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Item #4951
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  • Obverse: Jesus Christ
  • Reverse: Latin Cross
  • Date: 1078 - 1081. Grade: Very Fine
  • Mint: Constantinople, Byzantine Empire
  • Bronze Follis Coin in 14k Gold Pendant, Weight 6.8g
  • Framed Coin Size: 27mm Diameter, with 5.5mm Bail Opening for Necklace
  • Size Chart with mm to inches Conversions


In AD 324, twelve years after legalizing Christianity, the Roman Emperor Constantine the Great transferred his capital to Byzantium, which became Constantinople "New Rome." The Byzantine Empire was the Eastern Roman Empire during the Middle Ages, centered on the capital of Constantinople and ruled by Emperors in direct succession to the ancient Roman Emperors. Although Greek was the main language spoken here, the Byzantine citizens still referred to themselves as Romans.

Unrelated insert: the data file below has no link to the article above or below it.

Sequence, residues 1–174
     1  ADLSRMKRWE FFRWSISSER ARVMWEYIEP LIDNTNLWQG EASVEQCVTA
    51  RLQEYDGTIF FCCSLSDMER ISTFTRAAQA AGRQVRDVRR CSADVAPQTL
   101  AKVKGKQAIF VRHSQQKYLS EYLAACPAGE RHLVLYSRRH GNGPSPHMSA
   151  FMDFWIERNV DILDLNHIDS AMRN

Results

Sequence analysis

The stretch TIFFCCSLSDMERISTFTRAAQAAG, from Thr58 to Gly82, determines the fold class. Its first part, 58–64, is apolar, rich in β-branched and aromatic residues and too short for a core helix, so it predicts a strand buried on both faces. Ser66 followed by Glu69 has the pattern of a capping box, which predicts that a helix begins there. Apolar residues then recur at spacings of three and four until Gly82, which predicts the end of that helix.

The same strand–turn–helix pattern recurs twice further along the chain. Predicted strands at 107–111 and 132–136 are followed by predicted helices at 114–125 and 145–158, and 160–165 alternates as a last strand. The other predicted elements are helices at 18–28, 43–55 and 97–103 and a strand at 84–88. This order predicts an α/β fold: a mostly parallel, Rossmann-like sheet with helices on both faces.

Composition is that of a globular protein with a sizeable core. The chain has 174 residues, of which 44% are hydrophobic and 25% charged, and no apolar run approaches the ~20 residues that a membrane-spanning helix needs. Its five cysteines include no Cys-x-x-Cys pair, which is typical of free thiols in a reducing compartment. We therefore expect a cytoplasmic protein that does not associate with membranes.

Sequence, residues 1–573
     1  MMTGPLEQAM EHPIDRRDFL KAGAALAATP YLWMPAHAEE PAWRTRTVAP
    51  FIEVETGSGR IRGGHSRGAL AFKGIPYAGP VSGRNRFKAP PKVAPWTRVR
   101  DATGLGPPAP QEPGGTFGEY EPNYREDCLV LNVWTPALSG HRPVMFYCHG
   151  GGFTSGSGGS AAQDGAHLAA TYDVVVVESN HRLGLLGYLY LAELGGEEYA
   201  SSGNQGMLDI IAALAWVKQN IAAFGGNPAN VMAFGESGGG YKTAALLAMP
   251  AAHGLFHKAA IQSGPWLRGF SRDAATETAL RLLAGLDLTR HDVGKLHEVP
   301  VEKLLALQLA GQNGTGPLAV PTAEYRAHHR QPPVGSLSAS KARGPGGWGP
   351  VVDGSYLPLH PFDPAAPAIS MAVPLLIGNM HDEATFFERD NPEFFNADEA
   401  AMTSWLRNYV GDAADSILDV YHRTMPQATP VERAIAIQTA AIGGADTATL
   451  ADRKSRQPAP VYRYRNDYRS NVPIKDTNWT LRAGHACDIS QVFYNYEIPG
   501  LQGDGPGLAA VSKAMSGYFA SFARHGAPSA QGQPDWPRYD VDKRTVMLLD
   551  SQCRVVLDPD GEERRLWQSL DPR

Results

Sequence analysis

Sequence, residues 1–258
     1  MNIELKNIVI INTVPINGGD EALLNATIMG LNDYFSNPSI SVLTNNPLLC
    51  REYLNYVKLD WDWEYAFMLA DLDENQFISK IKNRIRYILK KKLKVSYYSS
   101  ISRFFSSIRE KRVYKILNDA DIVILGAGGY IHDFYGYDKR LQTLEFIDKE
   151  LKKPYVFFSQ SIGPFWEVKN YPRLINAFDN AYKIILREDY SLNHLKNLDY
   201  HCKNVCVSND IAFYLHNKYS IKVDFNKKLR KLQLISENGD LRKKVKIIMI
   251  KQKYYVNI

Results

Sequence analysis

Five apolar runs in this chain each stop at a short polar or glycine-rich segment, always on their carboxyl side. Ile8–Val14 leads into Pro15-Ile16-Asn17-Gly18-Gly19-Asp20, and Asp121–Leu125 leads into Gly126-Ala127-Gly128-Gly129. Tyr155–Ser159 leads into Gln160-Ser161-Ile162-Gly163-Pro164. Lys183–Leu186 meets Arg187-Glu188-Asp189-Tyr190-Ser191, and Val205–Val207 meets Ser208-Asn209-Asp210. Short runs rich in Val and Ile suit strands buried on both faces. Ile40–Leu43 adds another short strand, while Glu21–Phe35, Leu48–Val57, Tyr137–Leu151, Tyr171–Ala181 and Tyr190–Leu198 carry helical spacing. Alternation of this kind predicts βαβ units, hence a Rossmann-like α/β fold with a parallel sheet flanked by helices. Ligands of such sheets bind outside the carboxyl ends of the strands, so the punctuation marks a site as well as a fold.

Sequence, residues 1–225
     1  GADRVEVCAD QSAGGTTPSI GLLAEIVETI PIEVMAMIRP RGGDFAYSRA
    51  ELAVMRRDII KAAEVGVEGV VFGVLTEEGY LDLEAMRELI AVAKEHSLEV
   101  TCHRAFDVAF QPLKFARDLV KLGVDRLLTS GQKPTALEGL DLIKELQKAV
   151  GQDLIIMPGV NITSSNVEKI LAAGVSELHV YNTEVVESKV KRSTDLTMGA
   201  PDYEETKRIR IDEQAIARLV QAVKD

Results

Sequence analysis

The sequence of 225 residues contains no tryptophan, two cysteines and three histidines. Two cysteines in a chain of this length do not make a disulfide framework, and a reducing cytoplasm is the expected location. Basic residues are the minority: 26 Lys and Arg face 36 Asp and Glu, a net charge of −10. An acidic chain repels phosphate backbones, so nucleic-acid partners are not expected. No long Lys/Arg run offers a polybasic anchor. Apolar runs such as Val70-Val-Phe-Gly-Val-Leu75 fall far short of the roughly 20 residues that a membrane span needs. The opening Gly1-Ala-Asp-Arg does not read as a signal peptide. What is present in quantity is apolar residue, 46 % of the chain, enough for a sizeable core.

In the 6th century, Justinian I created the authority of the Eastern Orthodox Church, which firmly established Christianity throughout the empire. As a cradle of Christianity, the Empire helped to shield Europe from Muslim expansion. They also preserved much of the literary works and scientific knowledge of ancient Greece, Rome and many other cultures.
The obverse of this Byzantine bronze coin depicts the portrait of Jesus Christ Pantokrator “Christ in Majesty” with a cruciform nimbus crown, while he is holding the Book of Gospels. The reverse shows a Latin Cross with a floral scroll below it. This coin was minted during the reign of Nikephoros III Botaneiates, who was a general that overthrew Emperor Michael VII in 1078. As this coin shows, art of the Byzantine Empire was mainly devoted to the Christian faith which flourished for over a thousand years under their protection.